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Strengthening capacity to improve nutrition

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  • Gillespie, Stuart

Abstract

A major premise of this paper is that the failure—or limited achievements—of many large-scale nutrition programs is very often a function of insufficient sustainable capacities within communities and organizations responsible for implementing them. Following a brief review of the various rationales for an intensified focus on capacity and capacity development, the paper examines the linkages between nutrition programming and capacity development processes before proposing a new approach to assessing, analyzing, and developing capacity. The ensuing sections then focus in more detail on the ingredients and influences of capacity at the levels of the community, program management, supporting institutions, and the government. Finally, the implications of a more proactive focus on strengthening nutrition capacity for donor modes of operation and support priorities are discussed.

Suggested Citation

  • Gillespie, Stuart, 2001. "Strengthening capacity to improve nutrition," FCND discussion papers 106, International Food Policy Research Institute (IFPRI).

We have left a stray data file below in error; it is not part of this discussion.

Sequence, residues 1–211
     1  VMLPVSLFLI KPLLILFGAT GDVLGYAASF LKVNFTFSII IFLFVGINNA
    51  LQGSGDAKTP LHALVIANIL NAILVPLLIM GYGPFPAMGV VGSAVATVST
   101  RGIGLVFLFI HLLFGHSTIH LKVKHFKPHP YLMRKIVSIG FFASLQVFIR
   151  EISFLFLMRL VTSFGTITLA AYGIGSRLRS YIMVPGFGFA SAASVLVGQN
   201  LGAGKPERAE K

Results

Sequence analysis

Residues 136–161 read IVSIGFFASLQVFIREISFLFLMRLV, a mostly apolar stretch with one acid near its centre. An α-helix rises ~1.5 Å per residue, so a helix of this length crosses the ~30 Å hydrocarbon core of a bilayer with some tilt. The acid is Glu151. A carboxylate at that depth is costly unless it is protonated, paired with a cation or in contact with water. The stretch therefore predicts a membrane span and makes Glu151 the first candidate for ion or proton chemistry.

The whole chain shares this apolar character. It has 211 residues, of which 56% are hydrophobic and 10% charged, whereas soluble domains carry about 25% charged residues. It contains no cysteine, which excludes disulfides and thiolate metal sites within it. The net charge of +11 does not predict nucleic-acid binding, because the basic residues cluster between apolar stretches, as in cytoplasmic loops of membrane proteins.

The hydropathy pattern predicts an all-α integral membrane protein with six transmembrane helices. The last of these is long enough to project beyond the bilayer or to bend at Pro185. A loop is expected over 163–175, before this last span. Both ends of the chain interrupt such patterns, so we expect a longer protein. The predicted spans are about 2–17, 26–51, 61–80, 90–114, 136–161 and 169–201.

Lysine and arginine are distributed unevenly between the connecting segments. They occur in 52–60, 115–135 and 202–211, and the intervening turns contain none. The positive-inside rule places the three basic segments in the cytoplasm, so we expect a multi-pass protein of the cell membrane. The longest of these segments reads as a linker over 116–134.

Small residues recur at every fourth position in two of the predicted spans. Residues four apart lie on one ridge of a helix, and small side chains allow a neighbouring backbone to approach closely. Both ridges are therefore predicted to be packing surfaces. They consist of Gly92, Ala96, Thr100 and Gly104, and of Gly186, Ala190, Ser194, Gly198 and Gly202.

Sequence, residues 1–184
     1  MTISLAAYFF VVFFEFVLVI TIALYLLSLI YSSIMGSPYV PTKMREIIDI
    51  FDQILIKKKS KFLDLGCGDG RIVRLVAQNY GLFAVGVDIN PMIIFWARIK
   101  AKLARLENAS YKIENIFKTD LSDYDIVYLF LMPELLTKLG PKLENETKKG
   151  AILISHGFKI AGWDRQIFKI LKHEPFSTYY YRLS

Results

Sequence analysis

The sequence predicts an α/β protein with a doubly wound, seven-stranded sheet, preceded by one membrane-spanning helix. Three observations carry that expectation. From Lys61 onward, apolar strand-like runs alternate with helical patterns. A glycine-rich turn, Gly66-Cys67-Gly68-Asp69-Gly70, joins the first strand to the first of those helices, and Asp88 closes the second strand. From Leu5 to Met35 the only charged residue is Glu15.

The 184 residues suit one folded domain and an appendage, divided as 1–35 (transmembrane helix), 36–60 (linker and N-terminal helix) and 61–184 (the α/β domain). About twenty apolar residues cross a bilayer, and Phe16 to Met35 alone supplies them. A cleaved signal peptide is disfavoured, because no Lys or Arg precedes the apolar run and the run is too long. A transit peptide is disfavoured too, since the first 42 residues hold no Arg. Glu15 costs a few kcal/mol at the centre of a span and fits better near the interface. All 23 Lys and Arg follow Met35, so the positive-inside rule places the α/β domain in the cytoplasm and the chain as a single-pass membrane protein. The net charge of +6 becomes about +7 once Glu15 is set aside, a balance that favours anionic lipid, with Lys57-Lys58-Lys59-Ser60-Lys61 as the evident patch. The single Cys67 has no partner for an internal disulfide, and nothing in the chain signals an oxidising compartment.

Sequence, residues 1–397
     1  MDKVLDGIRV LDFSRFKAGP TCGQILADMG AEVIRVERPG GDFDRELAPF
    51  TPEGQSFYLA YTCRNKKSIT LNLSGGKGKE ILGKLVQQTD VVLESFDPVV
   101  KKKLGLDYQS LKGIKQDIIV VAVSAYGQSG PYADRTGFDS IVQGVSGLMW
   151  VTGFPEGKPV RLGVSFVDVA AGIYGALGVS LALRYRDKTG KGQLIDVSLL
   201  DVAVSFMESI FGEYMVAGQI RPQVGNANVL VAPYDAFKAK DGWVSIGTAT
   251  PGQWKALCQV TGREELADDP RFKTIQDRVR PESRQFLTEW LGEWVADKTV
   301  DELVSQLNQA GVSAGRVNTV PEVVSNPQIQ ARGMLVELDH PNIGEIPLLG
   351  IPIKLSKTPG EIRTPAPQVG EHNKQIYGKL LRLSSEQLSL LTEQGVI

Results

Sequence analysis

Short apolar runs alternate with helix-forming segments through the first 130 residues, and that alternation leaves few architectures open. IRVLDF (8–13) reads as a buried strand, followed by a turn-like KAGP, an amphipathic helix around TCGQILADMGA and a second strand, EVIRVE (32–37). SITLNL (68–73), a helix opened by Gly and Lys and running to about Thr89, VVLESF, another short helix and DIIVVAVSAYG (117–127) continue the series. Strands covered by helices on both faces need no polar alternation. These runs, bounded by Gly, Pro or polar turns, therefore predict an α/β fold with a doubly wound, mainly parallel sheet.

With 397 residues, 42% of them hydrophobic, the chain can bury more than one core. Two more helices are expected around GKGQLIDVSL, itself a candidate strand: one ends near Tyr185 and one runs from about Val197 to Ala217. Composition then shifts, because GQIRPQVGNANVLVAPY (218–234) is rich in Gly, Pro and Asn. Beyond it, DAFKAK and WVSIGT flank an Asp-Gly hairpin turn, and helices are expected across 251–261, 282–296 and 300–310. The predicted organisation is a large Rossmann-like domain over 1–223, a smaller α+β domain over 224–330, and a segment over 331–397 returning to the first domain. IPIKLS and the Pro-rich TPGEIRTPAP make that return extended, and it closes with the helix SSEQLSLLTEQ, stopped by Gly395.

• Handle: RePEc:fpr:fcnddp:106
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    References listed on IDEAS

    as
    1. Quinn, Victoria J. & Kennedy, Eileen, 1994. "Food security and nutrition monitoring systems in Africa: A review of country experiences and lessons learned," Food Policy, Elsevier, vol. 19(3), pages 234-254, June.
    2. Pretty, Jules N., 1995. "Participatory learning for sustainable agriculture," World Development, Elsevier, vol. 23(8), pages 1247-1263, August.
    3. Bouis, Howarth E., 1994. "Agricultural technology and food policy to combat iron deficiency in developing countries," FCND discussion papers 1, International Food Policy Research Institute (IFPRI).
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    Cited by:

    1. World Bank, 2006. "Repositioning Nutrition as Central to Development : A Strategy for Large Scale Action," World Bank Publications, The World Bank, number 7409.

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